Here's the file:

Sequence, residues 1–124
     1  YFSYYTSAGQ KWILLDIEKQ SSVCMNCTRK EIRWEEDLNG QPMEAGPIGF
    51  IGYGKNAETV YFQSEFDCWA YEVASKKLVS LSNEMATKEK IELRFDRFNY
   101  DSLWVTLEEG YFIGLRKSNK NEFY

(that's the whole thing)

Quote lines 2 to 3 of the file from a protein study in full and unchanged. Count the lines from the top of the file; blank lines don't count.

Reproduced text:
     1  YFSYYTSAGQ KWILLDIEKQ SSVCMNCTRK EIRWEEDLNG QPMEAGPIGF
    51  IGYGKNAETV YFQSEFDCWA YEVASKKLVS LSNEMATKEK IELRFDRFNY